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Студенческий документ № 070923 из Школа-студия МХАТ

What does a Stage Manager do?

A stage manager is essentially the head traffic controller of a live theater or television production. Once the director has issued his or her final notes to the cast, the stage manager usually assumes command of the physical stage area. All of the various technical crews, such as lighting, sound, props and scenery, report directly to the stage manager, who in turn remains in constant communication with the director by in-house phone or wireless headset. The head stage manager has a number of duties to perform, some of which may be delegated to other stage managers or assistants.

During the rehearsal process, the stage manager's most important role is to record all of the blocking, lighting cues, prop usage, costume changes and entrances of all the performers. This usually requires shadowing the director and taking copious notes. A stage manager is also responsible for scheduling rehearsal times and making sure those times are respected. During rehearsals, it falls on the stage manager to make sure understudies have sufficient time to learn their roles in case of an emergency. The stage manager is also bound by theater tradition to supply the daily coffee before rehearsals begin.

On the day of the live performance, a stage manager may have to deal with both technical and human crises. An actor may not be able to perform due to illness, or a crucial prop may disappear. A good stage manager must learn to think under pressure while maintaining some semblance of order and timeliness. Actors often depend on a stage manager or an assistant to count down the time until the curtain rises. Indeed, it is the stage manager's job to issue the familiar call of 'Places Everyone!' shortly before the performance begins.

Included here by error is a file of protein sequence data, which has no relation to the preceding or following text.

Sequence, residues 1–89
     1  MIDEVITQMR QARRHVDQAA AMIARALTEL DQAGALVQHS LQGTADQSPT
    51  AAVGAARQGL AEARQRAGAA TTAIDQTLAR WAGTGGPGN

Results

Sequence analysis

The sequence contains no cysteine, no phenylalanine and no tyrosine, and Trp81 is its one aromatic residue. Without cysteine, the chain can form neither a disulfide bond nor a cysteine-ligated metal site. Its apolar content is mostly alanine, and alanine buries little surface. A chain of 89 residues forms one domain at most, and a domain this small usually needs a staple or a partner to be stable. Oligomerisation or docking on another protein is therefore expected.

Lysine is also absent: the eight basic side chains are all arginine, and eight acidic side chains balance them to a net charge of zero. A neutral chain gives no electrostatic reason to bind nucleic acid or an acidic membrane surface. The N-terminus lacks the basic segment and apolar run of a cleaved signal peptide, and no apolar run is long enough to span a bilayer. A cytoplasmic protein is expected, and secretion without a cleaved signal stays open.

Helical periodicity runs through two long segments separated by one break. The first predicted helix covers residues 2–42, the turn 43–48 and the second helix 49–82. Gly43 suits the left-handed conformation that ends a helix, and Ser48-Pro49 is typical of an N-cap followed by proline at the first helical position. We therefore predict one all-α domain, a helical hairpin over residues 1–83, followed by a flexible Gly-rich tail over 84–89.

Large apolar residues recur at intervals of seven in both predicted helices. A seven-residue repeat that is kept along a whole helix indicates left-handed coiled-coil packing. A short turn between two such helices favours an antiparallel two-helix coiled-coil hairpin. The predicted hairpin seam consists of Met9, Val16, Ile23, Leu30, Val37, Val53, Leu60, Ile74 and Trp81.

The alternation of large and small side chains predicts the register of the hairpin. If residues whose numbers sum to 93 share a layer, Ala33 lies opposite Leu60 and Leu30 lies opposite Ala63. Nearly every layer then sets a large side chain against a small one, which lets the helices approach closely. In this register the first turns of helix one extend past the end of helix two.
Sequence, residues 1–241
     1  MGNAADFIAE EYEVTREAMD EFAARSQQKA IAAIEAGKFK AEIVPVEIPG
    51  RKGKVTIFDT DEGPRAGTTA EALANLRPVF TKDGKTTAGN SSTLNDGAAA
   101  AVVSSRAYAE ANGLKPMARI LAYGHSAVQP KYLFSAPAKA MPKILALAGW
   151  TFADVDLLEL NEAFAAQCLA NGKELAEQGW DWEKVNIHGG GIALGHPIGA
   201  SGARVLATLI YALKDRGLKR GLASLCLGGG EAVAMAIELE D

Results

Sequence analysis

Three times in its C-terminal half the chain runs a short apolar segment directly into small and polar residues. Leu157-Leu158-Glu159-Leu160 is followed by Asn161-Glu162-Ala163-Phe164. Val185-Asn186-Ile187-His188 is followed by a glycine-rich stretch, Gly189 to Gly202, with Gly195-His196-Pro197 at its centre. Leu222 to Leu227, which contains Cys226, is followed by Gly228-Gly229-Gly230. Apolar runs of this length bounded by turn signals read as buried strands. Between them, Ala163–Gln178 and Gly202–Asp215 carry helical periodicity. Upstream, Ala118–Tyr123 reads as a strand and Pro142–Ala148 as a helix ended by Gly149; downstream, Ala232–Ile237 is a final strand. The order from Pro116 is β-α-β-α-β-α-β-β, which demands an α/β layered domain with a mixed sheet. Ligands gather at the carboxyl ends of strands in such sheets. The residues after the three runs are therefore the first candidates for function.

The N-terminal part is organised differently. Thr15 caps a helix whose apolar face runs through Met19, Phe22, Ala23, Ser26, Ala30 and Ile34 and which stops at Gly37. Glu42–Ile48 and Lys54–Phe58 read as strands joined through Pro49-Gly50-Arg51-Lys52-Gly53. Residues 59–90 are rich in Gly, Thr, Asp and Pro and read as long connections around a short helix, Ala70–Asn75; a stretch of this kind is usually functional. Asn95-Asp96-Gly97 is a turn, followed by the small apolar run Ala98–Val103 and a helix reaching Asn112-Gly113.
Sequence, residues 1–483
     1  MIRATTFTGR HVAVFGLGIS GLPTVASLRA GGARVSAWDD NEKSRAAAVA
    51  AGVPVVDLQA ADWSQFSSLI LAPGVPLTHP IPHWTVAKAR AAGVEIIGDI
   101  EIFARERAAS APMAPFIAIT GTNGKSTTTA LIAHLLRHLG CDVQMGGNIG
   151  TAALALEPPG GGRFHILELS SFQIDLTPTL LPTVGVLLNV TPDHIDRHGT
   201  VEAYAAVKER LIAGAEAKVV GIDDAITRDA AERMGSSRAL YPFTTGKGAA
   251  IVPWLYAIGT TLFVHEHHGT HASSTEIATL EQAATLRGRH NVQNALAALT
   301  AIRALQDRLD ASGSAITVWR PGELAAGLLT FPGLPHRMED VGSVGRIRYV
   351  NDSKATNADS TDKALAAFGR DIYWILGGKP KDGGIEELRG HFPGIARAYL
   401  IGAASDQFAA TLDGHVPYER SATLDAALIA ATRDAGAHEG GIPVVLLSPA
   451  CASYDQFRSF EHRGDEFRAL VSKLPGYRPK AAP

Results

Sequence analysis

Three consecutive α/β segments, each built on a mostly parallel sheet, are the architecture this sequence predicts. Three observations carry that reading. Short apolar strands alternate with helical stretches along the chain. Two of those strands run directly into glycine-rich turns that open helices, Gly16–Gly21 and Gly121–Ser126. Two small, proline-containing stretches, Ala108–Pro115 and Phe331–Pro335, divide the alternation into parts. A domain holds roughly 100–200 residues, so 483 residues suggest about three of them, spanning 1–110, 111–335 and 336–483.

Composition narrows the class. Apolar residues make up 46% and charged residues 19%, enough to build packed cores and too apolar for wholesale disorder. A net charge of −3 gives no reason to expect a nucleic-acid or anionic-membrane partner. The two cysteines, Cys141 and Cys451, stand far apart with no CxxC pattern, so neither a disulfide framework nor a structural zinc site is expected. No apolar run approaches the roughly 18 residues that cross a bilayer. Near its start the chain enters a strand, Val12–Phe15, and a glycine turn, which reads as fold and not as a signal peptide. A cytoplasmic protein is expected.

During the performance, a stage manager might also be responsible for cuing the lights, sound or scenery changes. Notes for all of these cues are often contained in a notebook, which inspired the theatrical description of a stage manager's job - "running the book". A stage manager may also have to track down a performer who forgets an entrance or has a wardrobe malfunction. Emergency messages for the cast or crew are also routed to the stage manager for delivery.

Ideally, a stage manager should be the most visible person backstage and the most invisible person onstage. Becoming a stage manager requires both artistic and technical stagecraft skills, since it often requires dealing with creative temperaments and technical glitches at the same time. Many stage managers go on to become directors or producers after years of on-the-job training.

How Do I Become a Stage Manager?

There are two ways to become a stage manager and each has distinct advantages as well as drawbacks. One way to become a stage manager is to learn by doing, working one's way through the theater ranks as an intern. The other way is to go to college and receive a degree in theater while also getting practical experience. In both cases, someone who wants to become a stage manager should plan on a lot of long hours and hard work.